Every month our team picks one talk from the ever expanding TED library to share on our blog. This time we hear from Giorgia Lupi who uses data to tell human stories, adding nuance to numbers.
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It is said to be THE discussion of our time: how will we deal with artificial intelligence and the rise of the robots? In his talk at TEDxAmsterdam 2017, tech-entrepreneur Jim Stolze shares his personal view on this heated debate. Using a metaphor from the past he gives us a new way to look at the future.
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The TED talk of the month discusses big questions about our societies and our lives, as both algorithms and digital connectivity spread. Complex algorithms that watch, judge and nudge us.
Zeynep Tufekci is a contributing opinion writer at the New York Times, an associate professor at the School of Information and Library Science at University of North Carolina, Chapel Hill. Her book, Twitter and Tear Gas: The Power and Fragility of Networked Protest, was published in 2017 by Yale University Press.
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The TED talk of the month comes from designer, futurist and innovator Maurice Conti. At TEDxPortland he showed how robots and humans will work side-by-side to accomplish things neither could do alone.
About this speaker
Maurice Conti is the Director of Applied Research & Innovation at Autodesk. He also leads Autodesk’s Applied Research Lab, which he built from the ground up. His team’s research focuses on advanced robotics, applied machine learning, the Internet of Things and climate change/sea level rise.
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The TED talk of the month comes from Heather Knight, the assistant Director of Robotics at Humanity+. At TEDWomen 2010 she introduced us to -a joke telling- Marilyn Monrobot.
About the speaker
Heather Knight is conducting her doctoral research at the intersection of robotics and entertainment at Carnegie Mellon’s Robotics Institute. Her installations have been featured at the Smithsonian-Cooper Hewitt Design Museum, LACMA, SIGGRAPH, PopTech and the Fortezza da Basso in Florence, Italy.
> Read full Heather Knight post
The TED talk of the week comes from neuroscientist and philosopher Sam Harris. We’re going to build superhuman machines, he says, but we haven’t yet grappled with the problems associated with creating something that may treat us the way we treat ants.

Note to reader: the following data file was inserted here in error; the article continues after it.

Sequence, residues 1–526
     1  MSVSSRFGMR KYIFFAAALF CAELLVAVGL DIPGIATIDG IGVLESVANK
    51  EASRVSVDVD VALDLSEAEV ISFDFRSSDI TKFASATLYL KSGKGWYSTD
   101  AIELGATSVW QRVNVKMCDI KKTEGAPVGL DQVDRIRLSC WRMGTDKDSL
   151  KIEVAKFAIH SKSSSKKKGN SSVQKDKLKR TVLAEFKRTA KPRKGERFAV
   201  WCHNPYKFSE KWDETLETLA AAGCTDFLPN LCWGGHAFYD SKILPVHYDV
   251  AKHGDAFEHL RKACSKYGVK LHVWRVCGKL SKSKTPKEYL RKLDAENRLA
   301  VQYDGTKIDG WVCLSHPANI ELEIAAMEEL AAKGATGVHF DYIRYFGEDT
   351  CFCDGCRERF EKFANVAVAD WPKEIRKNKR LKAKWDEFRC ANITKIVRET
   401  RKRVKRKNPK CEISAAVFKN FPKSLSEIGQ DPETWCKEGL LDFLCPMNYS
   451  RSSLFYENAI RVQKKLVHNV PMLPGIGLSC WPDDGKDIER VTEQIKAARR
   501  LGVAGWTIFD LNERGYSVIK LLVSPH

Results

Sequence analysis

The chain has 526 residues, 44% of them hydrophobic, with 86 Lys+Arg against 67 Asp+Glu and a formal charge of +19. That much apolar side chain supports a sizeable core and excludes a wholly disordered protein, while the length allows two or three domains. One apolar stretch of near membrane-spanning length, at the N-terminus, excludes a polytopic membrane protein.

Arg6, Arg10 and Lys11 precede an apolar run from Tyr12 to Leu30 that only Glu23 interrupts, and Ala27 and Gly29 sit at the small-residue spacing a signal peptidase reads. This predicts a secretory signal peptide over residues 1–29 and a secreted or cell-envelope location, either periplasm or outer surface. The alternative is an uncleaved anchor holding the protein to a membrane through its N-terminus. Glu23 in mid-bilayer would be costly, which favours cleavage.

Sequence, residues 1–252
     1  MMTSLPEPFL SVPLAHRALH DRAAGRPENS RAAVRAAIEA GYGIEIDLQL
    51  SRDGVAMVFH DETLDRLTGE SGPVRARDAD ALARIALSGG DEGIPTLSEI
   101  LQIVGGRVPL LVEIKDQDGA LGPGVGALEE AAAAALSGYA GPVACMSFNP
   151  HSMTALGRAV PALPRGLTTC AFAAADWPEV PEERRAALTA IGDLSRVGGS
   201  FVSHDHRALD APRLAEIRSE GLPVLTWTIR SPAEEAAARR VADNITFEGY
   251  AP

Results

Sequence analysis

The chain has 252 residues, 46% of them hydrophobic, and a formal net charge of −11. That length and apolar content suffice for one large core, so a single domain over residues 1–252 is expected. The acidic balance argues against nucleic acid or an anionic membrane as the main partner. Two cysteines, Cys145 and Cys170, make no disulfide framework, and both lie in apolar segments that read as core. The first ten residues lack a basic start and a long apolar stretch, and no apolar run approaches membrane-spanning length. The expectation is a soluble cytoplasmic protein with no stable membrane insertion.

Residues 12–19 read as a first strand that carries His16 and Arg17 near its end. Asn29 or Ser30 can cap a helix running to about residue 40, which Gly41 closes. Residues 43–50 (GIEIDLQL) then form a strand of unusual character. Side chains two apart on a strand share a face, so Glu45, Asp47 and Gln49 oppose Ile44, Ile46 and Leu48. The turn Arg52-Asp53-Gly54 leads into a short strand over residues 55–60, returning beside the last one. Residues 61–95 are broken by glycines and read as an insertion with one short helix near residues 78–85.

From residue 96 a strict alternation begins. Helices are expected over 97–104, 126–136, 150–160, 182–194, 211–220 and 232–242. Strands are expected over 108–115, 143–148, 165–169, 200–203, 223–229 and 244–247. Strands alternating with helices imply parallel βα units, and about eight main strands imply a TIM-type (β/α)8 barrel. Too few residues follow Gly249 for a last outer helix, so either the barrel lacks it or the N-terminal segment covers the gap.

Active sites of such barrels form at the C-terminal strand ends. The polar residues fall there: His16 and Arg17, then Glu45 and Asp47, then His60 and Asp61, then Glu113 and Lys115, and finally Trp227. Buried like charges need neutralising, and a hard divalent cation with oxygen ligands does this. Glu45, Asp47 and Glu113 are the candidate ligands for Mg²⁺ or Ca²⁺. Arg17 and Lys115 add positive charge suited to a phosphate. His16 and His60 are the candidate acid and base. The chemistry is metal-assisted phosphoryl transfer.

About the speaker
Sam Harris is the author of five New York Times bestsellers. His books cover a wide range of topics — neuroscience, moral philosophy, religion, spirituality, violence, human reasoning — but generally focus on how a growing understanding of ourselves and the world is changing our sense of how we should live. His work has been published in more than 20 languages and has been discussed in the New York Times, Time, Scientific American, Nature, Newsweek, Rolling Stone and many other journals. He has written for the New York Times, the Los Angeles Times, The Economist, The Times (London), the Boston Globe, The Atlantic, The Annals of Neurology and elsewhere.
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Every other Tuesday our team sits together to watch a TED Talk. Today we listened to professor David Autor. In this video, recorded at TEDxCambridge in September 2016, he addresses the question of why there are still so many jobs and comes up with a surprising, hopeful answer.
David Autor is one of the leading labor economists in the world and a member of the American Academy of Arts and Sciences. He is Professor of Economics and associate department head of the Massachusetts Institute of Technology Department of Economics. His best known research formally models and empirically analyzes how computerization substitutes for and complements human labor; asks how the rapid rise of import competition from China has reshaped U.S. manufacturing, upending the conventional economic wisdom that free trade is a free lunch; explores how the economic pressures of globalization are reshaping U.S. electoral politics; and conducts large-scale randomized experiments that test whether generous financial aid grants improve the odds of college completion and long-run economic security of students from low income families.
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Every other Tuesday our team sits together to watch a TED Talk. Today we listened to Tim Leberecht. In this video, recorded at the TED Summit in 2016, he gives tips on how to build a human company in the age of machines.
About this speaker
Now running strategy consulting firm Leberecht & Partners, Tim Leberecht was previously the chief marketing officer at NBBJ, a global design and architecture firm, and at Frog Design. He also co-founded the “15 Toasts” dinner series that creates safe spaces for people to have conversations on difficult topics.
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